17D: How Optimism Fades
Perhaps the most visible impact of the restoration of relations between the US and Cuba, begun a year ago today, is expressed in the hopes that it awoke in third countries. Governments, businesses and independent institutions, sensing that the starting pistol had been fired, raced to position themselves, not in today’s Cuba, but in the one they imagined it would soon be, by virtue of the announced change.
Letters of intent from the capitalist world multiply and presidents and ministers, musicians and baseball players, filmmakers and entrepreneurs arrive on the island. All of them calculating that the streams of dollars will soon flood the country.
What has happened here is just like in the stories about the simple announcement of the coming of a railroad; the land on either side of the proposed tracks goes up in price. But the date when the train will arrive remains unknown.
The Americans have been clear that they have not changed their objectives, only their methods. The Cuban leaders insist on not moving even an inch from positions they classify as “the unshakable principles of the Revolution.”
Raul Castro’s advantage over Barack Obama is that he doesn’t have a parliament demanding equity in the steps taken, nor does his party have to subject itself to the scrutiny of an electorate jealous of every concession, calculating every gain. But this advantage only helps him do nothing. The American negotiators no longer know how they are going to alert the Cuban side that Obama is not the dictator of the United States, but only its president, and that if there are no signs from Havana in the hoped for direction, those in Congress who oppose the policy of rapprochement will be proven right.
What are the signs that the Americans are eager to see? First, guarantees that they can invest and reap dividends from their investments. Second, respect for all human rights. The relationship between both aspirations deserves a book, but can be reduced to the idea that an atmosphere of economic and political freedom is the environment most supportive of a market economy.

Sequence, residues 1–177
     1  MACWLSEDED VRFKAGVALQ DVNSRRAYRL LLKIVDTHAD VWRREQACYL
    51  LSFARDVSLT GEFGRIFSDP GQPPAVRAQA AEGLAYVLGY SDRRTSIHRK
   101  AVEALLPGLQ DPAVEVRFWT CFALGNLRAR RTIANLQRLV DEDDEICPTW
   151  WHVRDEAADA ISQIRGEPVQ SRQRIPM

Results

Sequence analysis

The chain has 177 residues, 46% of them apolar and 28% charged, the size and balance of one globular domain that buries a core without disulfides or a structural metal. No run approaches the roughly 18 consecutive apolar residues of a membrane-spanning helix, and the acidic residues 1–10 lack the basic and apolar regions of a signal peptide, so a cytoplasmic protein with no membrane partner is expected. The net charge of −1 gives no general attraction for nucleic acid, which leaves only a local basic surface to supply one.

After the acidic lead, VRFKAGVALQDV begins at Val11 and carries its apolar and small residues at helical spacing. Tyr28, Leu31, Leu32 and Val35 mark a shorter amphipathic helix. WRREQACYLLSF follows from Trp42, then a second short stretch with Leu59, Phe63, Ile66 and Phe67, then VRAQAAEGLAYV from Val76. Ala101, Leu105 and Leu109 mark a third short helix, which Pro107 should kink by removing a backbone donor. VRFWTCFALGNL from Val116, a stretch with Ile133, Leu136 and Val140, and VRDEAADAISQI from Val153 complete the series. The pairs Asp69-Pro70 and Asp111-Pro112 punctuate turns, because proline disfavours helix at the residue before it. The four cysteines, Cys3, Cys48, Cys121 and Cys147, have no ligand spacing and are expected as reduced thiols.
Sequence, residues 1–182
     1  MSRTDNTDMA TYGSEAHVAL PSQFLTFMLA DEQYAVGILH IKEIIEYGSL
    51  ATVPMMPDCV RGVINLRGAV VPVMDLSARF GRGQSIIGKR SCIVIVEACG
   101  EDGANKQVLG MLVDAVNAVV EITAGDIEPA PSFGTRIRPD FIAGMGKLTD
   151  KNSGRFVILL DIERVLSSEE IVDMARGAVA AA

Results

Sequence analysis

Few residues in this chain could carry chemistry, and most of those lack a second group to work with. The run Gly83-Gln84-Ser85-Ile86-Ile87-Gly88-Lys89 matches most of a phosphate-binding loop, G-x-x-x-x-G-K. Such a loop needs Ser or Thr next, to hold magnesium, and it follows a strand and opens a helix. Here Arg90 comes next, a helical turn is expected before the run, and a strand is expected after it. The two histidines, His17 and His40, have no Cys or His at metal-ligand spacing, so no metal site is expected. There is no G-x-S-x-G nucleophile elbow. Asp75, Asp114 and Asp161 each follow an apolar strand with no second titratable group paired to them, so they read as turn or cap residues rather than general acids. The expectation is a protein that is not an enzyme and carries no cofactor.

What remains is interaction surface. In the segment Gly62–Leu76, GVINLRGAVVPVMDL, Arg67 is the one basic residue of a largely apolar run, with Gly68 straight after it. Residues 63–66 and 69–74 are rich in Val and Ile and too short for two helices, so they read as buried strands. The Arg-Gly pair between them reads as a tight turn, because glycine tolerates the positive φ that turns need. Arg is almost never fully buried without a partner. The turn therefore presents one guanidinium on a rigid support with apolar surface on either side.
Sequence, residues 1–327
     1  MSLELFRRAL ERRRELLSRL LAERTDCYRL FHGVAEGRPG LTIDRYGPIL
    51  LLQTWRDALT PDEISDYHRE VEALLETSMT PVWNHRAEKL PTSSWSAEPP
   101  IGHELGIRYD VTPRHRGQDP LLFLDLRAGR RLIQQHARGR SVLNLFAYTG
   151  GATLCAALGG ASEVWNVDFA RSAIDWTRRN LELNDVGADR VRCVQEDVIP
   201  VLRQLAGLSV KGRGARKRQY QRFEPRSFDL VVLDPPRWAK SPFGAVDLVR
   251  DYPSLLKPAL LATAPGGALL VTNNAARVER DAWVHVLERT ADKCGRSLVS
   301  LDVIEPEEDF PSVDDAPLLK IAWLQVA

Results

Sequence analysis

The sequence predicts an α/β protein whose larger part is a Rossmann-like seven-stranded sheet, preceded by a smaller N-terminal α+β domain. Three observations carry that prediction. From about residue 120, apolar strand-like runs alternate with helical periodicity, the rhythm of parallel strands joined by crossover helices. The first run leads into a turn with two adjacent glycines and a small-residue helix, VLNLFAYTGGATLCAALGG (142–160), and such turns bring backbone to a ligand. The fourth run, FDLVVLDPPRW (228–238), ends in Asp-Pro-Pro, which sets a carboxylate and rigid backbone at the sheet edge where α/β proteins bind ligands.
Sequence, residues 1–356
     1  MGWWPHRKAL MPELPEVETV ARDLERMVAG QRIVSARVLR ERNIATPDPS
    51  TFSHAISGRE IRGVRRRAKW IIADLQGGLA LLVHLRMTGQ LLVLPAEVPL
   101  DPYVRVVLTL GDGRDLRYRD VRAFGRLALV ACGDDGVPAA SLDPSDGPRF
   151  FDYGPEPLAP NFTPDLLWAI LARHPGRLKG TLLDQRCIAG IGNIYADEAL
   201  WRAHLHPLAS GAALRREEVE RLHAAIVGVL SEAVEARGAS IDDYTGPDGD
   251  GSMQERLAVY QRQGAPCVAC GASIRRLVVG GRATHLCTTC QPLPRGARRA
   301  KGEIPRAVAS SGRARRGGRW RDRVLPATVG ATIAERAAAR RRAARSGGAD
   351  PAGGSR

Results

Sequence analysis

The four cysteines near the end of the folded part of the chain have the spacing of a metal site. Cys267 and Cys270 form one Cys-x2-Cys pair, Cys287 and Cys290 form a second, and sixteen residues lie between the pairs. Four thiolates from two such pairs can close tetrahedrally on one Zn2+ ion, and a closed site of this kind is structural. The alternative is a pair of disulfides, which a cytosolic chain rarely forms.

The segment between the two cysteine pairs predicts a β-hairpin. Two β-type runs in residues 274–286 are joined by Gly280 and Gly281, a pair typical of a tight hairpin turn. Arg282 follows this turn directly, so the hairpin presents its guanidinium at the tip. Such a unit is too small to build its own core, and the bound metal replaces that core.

The resistance to turning the wheel in that direction is adorned or masked – according to how one prefers to see it – with the political will to guarantee certain margins of social justice expressed in the highly publicized achievements in health and education within reach of everyone. Behind it all, there is a group of hierarchs obsessed by power who do not want to risk it. Venezuela just proved it: authoritarian regimes cannot trust in democracy, “not the least little bit,” as an Argentinean* was known to have said.
In Cuba there is a repressive apparatus made up of tens of thousands of individuals charged with blocking opponents from expressing themselves or meeting together. If the country democratizes, they will not only lost their jobs and privileges, but they feel they would be victims of revenge. So the officials in charge of each case strive to make their reports convincing and every opponent appears as a traitor and a dangerous agent of imperial forces. This troop, well trained and well armed, has been educated in the principal that the only order that can and must be disobeyed is the order to “cease fire.” If Raul Castro were to try to decriminalize political dissent in order to democratize the country, he would be converting his most loyal and submissive servants into his potential enemies. And he knows it.
One year after that hopeful 17 December, it can be affirmed that each party has reached the ceiling of its possibilities. Repealing the embargo, suspending the American-taxpayer-financed radio and TV broadcasts from Florida to Cuba, paying compensation for damages caused by American policies, returning Guantanamo to Cuba, all seem to be gestures too difficult for the White House; as difficult as it would be for the Cuban government to introduce a multi-party system, ratify the United Nations covenants on human rights, allow free enterprise, or legitimize independent civil society.
The lands purchased on either side of the railway line began to depreciate today, because the damn train is not about to run down the rails any time soon.
*Like Americans say “9-11” instead of “September 11, 2001,” Cubans say “17D” instead of “17 December 2014,” the day Barack Obama and Raul Castro jointly announced the restoration of relations between the United States and Cuba.
**The phrase is associated with Ernesto “Che” Guevara. In Spanish: “ni tantico así.”
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